“The decentralized heating and cooling system is a good fit for this project. It just works well.” Olson says. “We also had the advantage of building the entire campus at once, which allowed us to design identical facilities with identical building systems and reduce construction and operations costs.”
Central Washington has an arid climate with an almost desert-like environment 8 inches to 9 inches or rain per year. With limited opportunity for water catchment and recycling, the design team tried to keep water use to an absolute minimum and also eliminated post-development stormwater run-off from site.
Landscaping is limited with little vegetation, other than native sagebrush, as designers incorporated locally sourced concrete/ash gravel as a loose surfacing material throughout the site. With the exception of the soccer and baseball fields, which feature natural grass — at the loss of one LEED point — the project team was able to limit site irrigation.
The irrigation system uses moisture sensors to control operation, reducing water usage by more than 50 percent compared to conventional systems. The automated system also incorporates dual piping loops designed to allow the use of reclaimed water should it become available in the future.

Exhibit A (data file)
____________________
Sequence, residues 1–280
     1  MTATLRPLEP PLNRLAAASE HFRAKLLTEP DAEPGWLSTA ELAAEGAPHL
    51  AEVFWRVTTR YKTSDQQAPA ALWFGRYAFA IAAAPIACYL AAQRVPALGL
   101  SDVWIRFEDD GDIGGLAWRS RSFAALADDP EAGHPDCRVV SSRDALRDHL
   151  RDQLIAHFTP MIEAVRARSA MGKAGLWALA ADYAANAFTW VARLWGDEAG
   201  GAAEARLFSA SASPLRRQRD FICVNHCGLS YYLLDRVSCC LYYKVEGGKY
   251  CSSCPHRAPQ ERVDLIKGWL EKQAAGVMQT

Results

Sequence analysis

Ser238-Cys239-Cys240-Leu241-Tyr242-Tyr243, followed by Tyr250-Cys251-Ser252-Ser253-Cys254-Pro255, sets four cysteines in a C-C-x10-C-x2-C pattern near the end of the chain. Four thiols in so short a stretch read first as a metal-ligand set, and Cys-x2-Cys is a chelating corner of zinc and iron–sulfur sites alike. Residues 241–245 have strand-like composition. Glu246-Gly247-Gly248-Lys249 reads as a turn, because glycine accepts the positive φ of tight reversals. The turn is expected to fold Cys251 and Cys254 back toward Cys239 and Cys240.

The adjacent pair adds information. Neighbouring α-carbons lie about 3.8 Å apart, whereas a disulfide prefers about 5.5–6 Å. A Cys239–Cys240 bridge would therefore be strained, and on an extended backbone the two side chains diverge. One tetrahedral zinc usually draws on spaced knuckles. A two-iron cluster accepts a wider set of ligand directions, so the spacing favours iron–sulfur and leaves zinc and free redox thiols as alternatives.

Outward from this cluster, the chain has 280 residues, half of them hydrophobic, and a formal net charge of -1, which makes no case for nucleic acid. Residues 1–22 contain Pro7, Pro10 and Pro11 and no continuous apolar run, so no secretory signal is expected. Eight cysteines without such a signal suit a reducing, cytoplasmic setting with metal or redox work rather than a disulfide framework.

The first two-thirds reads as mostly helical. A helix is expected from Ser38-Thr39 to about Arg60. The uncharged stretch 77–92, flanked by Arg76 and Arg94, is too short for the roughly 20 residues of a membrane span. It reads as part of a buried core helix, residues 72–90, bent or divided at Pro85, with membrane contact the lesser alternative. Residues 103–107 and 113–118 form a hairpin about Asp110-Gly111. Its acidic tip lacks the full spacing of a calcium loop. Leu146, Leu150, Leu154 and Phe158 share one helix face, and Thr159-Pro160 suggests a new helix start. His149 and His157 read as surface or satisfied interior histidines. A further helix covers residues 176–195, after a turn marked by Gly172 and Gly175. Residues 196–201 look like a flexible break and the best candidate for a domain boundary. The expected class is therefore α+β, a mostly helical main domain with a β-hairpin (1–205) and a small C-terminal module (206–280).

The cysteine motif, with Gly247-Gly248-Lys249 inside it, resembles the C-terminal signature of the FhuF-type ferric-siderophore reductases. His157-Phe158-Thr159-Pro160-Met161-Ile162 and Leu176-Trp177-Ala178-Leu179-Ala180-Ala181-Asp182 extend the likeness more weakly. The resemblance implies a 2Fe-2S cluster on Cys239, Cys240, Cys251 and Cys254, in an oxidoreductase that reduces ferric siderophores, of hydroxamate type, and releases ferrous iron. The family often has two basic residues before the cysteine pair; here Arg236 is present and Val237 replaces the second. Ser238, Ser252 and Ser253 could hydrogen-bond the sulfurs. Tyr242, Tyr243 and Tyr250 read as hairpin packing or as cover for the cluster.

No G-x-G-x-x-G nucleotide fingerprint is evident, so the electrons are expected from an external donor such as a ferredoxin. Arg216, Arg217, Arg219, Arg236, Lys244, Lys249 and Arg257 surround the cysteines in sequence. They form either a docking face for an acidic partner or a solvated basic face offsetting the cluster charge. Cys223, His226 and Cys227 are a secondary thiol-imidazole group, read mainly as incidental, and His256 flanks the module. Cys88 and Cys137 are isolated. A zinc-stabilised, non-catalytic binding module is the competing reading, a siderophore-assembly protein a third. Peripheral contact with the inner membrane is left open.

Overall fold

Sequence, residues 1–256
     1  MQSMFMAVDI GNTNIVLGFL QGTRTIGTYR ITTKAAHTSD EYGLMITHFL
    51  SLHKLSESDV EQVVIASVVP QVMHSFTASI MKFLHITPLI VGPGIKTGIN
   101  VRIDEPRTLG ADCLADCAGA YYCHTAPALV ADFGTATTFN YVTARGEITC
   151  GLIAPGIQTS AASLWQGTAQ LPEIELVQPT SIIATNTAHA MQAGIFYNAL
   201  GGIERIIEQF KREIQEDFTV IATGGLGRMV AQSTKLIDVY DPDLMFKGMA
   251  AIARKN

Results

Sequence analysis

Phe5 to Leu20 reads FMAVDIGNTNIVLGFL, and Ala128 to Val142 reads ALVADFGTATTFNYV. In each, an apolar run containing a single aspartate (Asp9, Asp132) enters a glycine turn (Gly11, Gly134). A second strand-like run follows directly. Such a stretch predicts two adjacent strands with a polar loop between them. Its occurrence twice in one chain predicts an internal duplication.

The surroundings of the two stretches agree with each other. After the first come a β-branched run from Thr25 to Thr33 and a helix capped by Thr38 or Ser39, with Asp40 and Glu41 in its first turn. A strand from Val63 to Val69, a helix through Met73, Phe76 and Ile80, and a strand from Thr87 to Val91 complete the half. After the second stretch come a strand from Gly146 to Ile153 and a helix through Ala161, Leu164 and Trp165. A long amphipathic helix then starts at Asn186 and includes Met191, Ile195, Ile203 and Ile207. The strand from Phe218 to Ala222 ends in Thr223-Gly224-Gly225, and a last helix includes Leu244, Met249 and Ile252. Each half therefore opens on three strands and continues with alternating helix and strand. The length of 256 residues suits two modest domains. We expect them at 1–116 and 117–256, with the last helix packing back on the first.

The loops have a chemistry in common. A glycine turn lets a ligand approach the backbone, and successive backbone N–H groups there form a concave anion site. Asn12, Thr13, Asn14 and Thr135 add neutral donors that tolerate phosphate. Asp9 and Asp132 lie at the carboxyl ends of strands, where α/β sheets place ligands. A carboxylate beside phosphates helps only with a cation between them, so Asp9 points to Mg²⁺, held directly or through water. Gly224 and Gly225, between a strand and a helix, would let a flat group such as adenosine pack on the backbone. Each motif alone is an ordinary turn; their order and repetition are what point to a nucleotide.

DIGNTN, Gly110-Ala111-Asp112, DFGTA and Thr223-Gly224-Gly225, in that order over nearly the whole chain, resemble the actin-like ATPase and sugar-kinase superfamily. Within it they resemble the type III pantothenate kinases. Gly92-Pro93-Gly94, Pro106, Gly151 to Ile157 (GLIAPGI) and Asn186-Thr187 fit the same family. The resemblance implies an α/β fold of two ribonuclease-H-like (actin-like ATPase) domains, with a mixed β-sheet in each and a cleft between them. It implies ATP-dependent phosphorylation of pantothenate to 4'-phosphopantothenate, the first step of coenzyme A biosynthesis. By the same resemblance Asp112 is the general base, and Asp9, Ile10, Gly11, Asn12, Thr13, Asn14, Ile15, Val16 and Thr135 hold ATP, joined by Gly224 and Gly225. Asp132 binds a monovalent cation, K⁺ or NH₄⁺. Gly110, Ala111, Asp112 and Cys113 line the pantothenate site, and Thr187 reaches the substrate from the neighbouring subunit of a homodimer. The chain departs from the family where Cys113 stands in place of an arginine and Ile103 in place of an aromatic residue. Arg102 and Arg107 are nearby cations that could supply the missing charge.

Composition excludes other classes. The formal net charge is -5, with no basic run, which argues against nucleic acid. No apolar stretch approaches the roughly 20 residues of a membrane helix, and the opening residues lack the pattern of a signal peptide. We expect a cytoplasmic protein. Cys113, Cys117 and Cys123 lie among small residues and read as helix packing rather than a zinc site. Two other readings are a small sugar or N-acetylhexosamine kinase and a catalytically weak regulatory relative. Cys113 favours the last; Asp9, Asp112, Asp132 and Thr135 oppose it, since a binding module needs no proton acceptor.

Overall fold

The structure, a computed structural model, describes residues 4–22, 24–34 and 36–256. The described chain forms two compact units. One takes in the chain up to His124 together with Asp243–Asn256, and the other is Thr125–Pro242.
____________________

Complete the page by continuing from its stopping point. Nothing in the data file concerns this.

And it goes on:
In addition, the entire campus is outfitted with low-flow plumbing fixtures, while all showers and faucets located in housing units incorporate flow restrictors and push-button controls. Kitchen and laundry operations reclaim heat and reuse water over multiple cycles and tasks.
“We keep very close track of water and energy usage,” Olson says. “A facility of this type would be expected to consume about 100 to 120 gallons of water per occupant per day and we are gunning for water and sewage reductions in the region of 20 percent,” he says.